Academic Participants reported in interviews and surveys that their OST programs contributed to improvements in their grades and educational performance. Specifically, majorities reported that the program helped them get better grades in school (77%), feel better about schoolwork (76%), finish homework more often (68%), read and understand better (71%), write better (67%), better use computers for schoolwork (64%), and solve math problems better (58%).

 


Evaluation 3: Report on the Initiative’s First Three Years



Evaluation Description

Evaluation Purpose To explore the associations among program quality, patterns of youth participation, and youth outcomes.
Evaluation Design Quasi-Experimental and Non-Experimental: Evaluators collected data on all 622 sites from an online participant tracking system and surveys of program directors and executive directors of provider organizations. Evaluators administered participant surveys in a random sample of 133 Option I programs. Fifteen Option I “in-depth” sites were randomly selected at which to conduct site visits and interviews with staff, program directors, and youth participants, and to collect additional surveys from staff and parents.

Online program data were collected on 40,584 youth in Option I programs in Year 1; 56,742 youth in Option I programs in Year 2; and 67,524 youth in Option I programs in Year 3. Surveys were completed in spring of each year by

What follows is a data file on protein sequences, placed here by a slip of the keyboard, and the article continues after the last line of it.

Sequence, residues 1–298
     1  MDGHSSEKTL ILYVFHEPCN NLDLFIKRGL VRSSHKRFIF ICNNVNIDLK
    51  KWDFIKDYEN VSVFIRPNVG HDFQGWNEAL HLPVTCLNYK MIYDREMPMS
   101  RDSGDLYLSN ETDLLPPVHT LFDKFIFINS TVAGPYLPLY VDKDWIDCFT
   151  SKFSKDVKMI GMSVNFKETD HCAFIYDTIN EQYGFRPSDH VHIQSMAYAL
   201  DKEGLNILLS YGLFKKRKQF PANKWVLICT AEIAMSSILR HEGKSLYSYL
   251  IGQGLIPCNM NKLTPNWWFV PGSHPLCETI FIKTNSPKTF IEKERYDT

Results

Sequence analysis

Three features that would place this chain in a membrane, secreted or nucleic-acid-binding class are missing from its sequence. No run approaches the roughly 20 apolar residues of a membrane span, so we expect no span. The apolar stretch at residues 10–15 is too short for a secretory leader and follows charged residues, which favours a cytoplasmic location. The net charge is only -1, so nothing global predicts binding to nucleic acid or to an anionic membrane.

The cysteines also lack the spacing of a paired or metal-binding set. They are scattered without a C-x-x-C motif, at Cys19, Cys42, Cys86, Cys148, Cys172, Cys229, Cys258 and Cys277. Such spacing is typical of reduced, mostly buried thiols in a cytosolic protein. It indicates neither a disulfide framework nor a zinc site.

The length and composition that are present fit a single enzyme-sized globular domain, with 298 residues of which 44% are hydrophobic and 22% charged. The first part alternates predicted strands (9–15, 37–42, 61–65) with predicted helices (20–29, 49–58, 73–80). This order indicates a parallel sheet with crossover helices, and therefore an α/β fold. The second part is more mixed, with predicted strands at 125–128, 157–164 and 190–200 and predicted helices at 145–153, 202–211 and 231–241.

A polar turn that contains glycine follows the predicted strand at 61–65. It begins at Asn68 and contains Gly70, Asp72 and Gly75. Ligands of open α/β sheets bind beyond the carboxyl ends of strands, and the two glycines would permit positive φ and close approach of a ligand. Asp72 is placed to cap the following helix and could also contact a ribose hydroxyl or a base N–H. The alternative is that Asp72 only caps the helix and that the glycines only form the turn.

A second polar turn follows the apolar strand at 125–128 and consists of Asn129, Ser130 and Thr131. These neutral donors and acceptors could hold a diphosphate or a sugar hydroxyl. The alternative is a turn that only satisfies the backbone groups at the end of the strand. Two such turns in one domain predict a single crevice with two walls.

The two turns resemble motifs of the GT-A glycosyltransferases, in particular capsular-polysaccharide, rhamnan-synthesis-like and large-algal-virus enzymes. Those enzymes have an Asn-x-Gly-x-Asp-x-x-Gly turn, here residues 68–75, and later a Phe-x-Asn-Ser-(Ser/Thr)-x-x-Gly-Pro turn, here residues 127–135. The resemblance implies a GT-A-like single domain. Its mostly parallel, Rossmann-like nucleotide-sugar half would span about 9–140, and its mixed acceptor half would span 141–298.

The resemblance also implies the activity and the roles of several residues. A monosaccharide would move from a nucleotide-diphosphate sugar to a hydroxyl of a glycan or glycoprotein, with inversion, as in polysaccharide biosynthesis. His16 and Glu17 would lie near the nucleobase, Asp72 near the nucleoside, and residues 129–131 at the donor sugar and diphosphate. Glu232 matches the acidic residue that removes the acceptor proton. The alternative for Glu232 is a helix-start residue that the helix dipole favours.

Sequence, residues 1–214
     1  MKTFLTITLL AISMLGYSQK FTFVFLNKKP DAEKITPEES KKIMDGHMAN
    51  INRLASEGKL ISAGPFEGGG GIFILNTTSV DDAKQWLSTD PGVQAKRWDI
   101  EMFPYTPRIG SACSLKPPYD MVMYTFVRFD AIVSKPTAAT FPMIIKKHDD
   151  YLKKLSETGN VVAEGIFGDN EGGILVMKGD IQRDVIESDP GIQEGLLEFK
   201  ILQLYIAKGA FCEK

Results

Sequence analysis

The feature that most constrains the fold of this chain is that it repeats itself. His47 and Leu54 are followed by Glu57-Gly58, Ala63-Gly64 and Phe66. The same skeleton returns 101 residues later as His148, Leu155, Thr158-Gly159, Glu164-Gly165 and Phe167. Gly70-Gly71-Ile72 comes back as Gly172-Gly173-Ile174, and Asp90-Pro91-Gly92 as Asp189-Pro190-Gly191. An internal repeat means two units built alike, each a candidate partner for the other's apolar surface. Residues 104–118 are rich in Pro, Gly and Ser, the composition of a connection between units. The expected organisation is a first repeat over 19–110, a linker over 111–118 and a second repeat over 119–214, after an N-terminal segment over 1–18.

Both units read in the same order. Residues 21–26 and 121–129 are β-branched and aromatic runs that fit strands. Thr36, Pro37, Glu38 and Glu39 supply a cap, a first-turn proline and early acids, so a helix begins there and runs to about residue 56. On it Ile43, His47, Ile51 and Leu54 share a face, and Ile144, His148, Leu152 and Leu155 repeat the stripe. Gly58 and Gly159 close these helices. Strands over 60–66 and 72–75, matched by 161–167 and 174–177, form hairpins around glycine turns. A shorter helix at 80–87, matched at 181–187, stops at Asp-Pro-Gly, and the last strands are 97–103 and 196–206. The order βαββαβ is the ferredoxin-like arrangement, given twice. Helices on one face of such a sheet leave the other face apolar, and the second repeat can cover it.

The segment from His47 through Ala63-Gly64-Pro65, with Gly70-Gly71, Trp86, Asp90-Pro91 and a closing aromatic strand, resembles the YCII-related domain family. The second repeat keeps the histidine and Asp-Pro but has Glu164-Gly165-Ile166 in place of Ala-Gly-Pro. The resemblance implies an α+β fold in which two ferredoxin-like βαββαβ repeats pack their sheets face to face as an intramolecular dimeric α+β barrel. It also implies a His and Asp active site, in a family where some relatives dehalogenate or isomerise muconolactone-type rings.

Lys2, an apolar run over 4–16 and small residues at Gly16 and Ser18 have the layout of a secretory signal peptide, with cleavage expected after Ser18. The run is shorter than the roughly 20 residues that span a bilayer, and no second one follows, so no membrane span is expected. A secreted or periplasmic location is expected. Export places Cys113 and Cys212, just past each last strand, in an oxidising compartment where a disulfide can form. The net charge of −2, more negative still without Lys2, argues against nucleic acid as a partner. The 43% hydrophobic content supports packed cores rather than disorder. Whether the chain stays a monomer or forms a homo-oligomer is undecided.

• 483 program directors from 543 programs in Year 1, 470 program directors of 547 programs in Year 2, and 555 program directors from 630 programs in Year 3
  • 161 of 190 executive directors in Year 1, 148 of 191 executive directors in Year 2, and 169 of 203 executive directors in Year 3
  • 114 staff members at 12 in-depth sites (response rates from 14%– 94% per program) in Year 1, 191 staff members at 13 in-depth sites in Year 2, and 193 staff members at 14 of the 15 in-depth sites in Year 3
  • 283 parents at 12 of the 15 in-depth sites in Year 1 (response rate of 23%), 500 parents at 12 in-depth sites in Year 2, and 450 parents at 13 in-depth sites in Year 3
  • 3,614 youth from 95 programs in Year 1; 5,336 youth from 100 programs in Year 2; and 6,301 youth from 108 programs in Year 3
In each in-depth site, evaluators conducted interviews with the program director, 2–3 staff members, and approximately 5 participants, in each year.  They also interviewed 2–3 parents, mostly in elementary sites.